UNIZULU Choir Launches Two Upcoming Albums

| A node for African thought

UNIZULU Choir Launches Two Upcoming Albums

UNIZULU Choir Launches Two Upcoming Albums

The University of Zululand (UNIZULU) Choir has once again raised the profile of the University.

It has recorded not one, but two studio albums, titled “uMkhonto ka Shaka” and “In Collaboration With”, which will be released on multiple digital music platforms on Friday, 1 March 2024.

These two records were launched this evening (Friday, 23 February 2024) at Umfolozi Hotel Casino Convention Resort in Empangeni. A cheery and intimate outdoor affair, the launch was attended by an animated audience comprising UNIZULU senior management and staff members, media personnel and representatives of Umkhanyakude District Municipality and the Department of Sport, Arts and Culture.

Professor Allucia Shokane, Dean of the Faculty of Humanities and Social Sciences, was deeply moved by the individuals who showed their support to the choir. “Thank you for taking time to be here. We hope you will enjoy being with us. We hope you will play our music. We hope you will make us famous,” she said.

The musical projects, according to Head of the Department of Creative Arts Prof Fikelepi Twani, are very special because they align perfectly with UNIZULU’s vision to become a node for African thought.

“The node for African thought: that’s the strategic existence of the University of Zululand now. Everything that is about African thinking, African research, indigenous ways of teaching and learning, indigenous ways of performing- the entire indigenous space, we are occupying it as University of Zululand,” she highlighted.

“There are many other recordings of the UNIZULU Choir but this one is special because it is advancing the node for African thought. I think you can hear the types of songs they are singing; they are taking us back to our grassroots. This is important in that they are now showcasing how the creative arts can be a powerful tool in advancing the node for African thought. Just by singing the songs, you can hear that it is an Africanised act they are performing.”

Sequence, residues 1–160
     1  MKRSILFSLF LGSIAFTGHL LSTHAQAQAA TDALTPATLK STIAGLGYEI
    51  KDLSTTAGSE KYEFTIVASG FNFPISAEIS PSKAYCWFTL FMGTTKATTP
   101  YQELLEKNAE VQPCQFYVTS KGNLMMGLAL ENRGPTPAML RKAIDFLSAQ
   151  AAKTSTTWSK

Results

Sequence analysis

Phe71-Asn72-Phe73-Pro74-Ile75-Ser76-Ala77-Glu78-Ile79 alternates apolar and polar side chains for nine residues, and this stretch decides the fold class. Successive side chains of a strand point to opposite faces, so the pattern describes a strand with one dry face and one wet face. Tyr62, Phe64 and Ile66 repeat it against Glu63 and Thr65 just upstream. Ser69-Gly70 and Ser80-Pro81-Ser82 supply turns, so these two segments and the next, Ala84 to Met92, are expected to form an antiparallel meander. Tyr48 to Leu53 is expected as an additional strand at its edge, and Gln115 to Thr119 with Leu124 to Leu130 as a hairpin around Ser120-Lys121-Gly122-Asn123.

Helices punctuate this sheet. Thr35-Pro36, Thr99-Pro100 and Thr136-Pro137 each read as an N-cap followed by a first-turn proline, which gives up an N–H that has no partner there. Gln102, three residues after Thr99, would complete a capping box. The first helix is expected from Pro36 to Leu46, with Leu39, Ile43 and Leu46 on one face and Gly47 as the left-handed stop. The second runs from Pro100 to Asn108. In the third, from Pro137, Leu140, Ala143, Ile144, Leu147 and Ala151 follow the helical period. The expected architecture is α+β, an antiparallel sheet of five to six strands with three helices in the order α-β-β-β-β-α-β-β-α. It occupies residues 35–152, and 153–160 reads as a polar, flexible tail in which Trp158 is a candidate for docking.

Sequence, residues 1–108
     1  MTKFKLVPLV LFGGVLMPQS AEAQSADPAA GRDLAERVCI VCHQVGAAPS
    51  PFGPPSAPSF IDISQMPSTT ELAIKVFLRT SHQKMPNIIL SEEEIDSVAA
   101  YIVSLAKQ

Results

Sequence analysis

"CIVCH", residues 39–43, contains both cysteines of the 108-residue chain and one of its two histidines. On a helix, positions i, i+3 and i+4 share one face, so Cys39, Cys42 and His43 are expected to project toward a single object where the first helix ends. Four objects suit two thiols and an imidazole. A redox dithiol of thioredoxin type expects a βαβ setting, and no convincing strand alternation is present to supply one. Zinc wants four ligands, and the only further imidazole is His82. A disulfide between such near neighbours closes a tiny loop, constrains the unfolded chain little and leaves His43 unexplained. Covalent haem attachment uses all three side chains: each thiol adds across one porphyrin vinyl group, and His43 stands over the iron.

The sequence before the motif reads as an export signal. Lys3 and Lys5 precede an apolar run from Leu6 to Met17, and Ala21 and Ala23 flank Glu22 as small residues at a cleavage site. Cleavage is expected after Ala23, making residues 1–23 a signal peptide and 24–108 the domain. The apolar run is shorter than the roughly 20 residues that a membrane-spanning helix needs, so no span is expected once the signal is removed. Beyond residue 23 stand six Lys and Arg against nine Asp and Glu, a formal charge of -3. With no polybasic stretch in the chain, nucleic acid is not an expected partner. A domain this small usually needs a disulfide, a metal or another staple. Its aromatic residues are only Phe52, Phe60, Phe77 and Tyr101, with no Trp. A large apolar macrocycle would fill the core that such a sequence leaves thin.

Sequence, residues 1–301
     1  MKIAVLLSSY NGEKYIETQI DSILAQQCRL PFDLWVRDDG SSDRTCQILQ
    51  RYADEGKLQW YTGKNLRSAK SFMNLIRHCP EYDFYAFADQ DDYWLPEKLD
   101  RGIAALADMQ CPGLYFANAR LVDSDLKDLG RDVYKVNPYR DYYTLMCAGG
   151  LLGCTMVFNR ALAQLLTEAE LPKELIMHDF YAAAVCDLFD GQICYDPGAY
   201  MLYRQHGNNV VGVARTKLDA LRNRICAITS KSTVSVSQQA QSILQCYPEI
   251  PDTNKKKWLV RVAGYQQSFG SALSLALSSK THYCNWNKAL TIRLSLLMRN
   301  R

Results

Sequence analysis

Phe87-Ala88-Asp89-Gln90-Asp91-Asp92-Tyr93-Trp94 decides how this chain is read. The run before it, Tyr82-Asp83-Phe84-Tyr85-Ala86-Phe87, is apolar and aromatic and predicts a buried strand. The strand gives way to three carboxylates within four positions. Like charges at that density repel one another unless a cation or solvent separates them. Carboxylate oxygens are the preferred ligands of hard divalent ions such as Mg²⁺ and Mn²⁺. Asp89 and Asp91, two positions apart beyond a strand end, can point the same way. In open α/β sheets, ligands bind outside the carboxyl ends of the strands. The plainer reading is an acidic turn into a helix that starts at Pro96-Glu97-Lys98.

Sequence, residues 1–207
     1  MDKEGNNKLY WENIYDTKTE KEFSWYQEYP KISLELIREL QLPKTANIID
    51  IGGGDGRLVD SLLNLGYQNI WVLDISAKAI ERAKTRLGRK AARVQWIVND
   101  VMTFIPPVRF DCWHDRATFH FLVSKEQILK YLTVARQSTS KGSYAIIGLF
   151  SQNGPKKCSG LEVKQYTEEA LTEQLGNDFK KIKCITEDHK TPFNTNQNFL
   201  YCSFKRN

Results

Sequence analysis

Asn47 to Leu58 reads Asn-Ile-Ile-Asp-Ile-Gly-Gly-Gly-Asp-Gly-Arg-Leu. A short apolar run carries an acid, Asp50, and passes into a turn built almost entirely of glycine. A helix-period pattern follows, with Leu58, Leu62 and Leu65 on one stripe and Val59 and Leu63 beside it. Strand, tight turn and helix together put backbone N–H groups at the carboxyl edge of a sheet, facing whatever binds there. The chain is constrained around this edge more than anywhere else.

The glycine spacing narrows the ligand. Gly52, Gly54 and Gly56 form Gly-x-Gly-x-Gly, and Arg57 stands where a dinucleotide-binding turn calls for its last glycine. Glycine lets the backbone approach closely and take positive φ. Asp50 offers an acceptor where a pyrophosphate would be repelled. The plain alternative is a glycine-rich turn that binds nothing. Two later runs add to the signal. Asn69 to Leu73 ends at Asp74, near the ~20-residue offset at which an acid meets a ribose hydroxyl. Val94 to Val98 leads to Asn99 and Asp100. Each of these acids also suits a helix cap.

Prof Twani further emphasised how even the choir members’ outfits today were a response to the strategic objective of the University which pertains to Africanisation, indigenisation and decolonisation of the curriculum.   

Unpacking the creative process of making the albums, choir conductor Dr Bhekani Buthelezi said: “With ‘uMkhonto ka Shaka’, the creative vision was that these old songs must sound fresh and feel young, must be familiar yet with a twist, and the vocal range stretched so that it can reflect the greatness of our choir while also sounding easy on the ear. We had the best music director, Syanqoba Mthethwa, who is also a music director for Joyous Celebration. He excelled as expected.

With the second album, the brief was that we sing these songs in a way that no choir has done before. We worked very hard under the guidance and mentorship of Dr Lindelani Mkhize whose ear is extremely sharp and arrangement skills are unmatched. It was such an honour working with him.”

After such a vivid picture had been painted for the audience, it would have been remiss of the choir not to tentalise it with a few songs. The audience was taken on a spiritual, musical journey through three traditional songs from “uMkhonto ka Shaka”. The nostalgic sounds were paired with popular contemporary dance moves which brought about a freshness to the performance. The choristers thereafter flaunted their vocal skills through four songs from their second album. Umona, featuring Shayezakhe, mirrored the moral decay in society through its poignant message about people backstabbing others due to envy. As if to offer a solution to the previous song’s theme, Lamino, performed with Zinhle Luhlongwane, was a refreshing reminder that all we need is love. Listening to the jazzy sound with its mid-tempo was like taking a short trip to Sophiatown, the hub of jazz culture. The final two songs, Ngimnyama and Igugu Lami, with artists Ntandoyenkosi and Nonzwakazi crowned the moment. They tackled the black consciousness theme, promoting self-love and taking pride in all things African – which is closely linked to some of UNIZULU’s strategic objectives.

  • Naledi Hlefane

Picture: James Thwala